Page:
I’m taking a break from the mind-bending stuff to post on one of my favorite subjects: mountains. It’s inspired by a post on Ailsa’s blog. The theme is mountains. I’ve been a climber for quite a long time. I have had such joyful experiences in the mountains. Some have been scary, some miserable even, but all have made me feel more alive. For that I am sincerely grateful. I think mountains are the most spectacular aspect of Earth’s surface.
First I’ll give kudos to the mountains nearest home in Oregon. These are the Cascades. Mount Hood, which I’ve climbed about 10 times, is closest. But Mount St Helens, the famous volcano that exploded in 1980, is close-by too. And Rainier, the iconic Washington mountain I’ve climbed twice, is only a few hour’s drive from home. Mt Adams, also in Washington, is even closer.
Mountains don’t have to be high to be awesome. Though I have climbed mountains up to 22,000 feet in elevation, the hardest one I ever climbed is just over 6000 feet. It’s called Pioneer Peak, and is located in Alaska. It took us 22 hours non-stop to climb this peak’s toughest face. You start at about 10 feet above sea level. Only two of the three of us made it to the top. The only one of us with a wife and kid ultimately lost his nerve and froze just before the final pitch. We picked him up on the way down. The descent was hairy. We slid down waterfalls, getting soaked. We came upon cliffs we didn’t know were there and had to rappel. Near the end, we bushwacked for hours, going over invisible droppoffs in the thick brush, grabbing at alder branches to soften the landing.
Sometimes river crossings on the approach to mountains are much more dangerous than the climb. One time in Oregon’s Wallowas I was swept away and just barely escaped drowning by grabbing hold of a branch. In Alaska on the return from a peak we got separated in the dark. I had a bear following me for awhile, trying to cross a stream. I kept going upstream and he (on the opposite bank) kept following me. My friend Bob got swept downstream and ended up dragging himself out. He was so cold he lay down and was about to fall asleep when he heard our shouts searching for him. He hadn’t showed up at the truck.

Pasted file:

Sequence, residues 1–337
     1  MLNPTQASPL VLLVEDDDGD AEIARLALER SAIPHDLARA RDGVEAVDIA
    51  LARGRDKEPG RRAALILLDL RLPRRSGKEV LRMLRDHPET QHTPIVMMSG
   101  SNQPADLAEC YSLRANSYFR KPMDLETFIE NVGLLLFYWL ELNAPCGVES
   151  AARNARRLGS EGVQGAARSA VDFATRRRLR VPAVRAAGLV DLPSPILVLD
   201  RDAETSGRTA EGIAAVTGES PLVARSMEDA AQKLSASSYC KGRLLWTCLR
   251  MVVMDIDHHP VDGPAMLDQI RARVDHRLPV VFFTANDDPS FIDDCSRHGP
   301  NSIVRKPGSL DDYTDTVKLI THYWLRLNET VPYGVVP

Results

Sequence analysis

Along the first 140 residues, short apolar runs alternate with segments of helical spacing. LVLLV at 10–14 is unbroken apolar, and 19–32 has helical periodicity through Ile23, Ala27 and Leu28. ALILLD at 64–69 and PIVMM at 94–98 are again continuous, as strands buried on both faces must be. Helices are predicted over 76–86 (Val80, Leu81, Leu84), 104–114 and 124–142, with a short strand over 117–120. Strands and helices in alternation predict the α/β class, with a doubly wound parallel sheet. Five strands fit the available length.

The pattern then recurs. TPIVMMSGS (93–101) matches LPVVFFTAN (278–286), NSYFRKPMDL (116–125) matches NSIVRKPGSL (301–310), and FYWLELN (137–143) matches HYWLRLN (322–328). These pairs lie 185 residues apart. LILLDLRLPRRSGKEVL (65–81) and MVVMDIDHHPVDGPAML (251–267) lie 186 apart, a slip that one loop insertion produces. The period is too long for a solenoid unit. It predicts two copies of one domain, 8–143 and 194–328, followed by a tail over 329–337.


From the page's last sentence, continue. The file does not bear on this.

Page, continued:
My favorites are mountains that aren’t at all planned, and whose name I don’t know. One time in Northern California’s Marble Mountains we were camped, enjoying some whiskey. Half-lit, the pair of us decided to climb the peak across the lake from us. We named it Irish Peak, and it was so fun! By the time we got to the hard stuff we had sobered up enough. Ascending a ridge, it looked like we would have to turn around because of sheer cliffs. We didn’t have a rope. But we found a natural tunnel through the ridge that took us to the other side, which was easier and covered with an ice-field. I had to go #2 very badly, and ended up squatting and dropping the bomb down a deep crevasse.
I would love one day to live right in the mountains, though I think my attitude towards them would be different in some ways. It would be more mature, more intimate, less like they’re my playground. I think my respect for their power would inevitably deepen. Many people across the world, but especially Asia, have a spiritual connection with mountains. They simply could not conceive of living anywhere else. Perhaps I would grow to be like this if I lived in such places.
Tune in for the second part of this tomorrow. By the way, if you are interested in any of these images, whether for a web use or just to hang on your wall, let me know and I’ll make sure you get the higher resolution versions. These versions are much to small to use, and are copyrighted. Thanks for your interest and cooperation.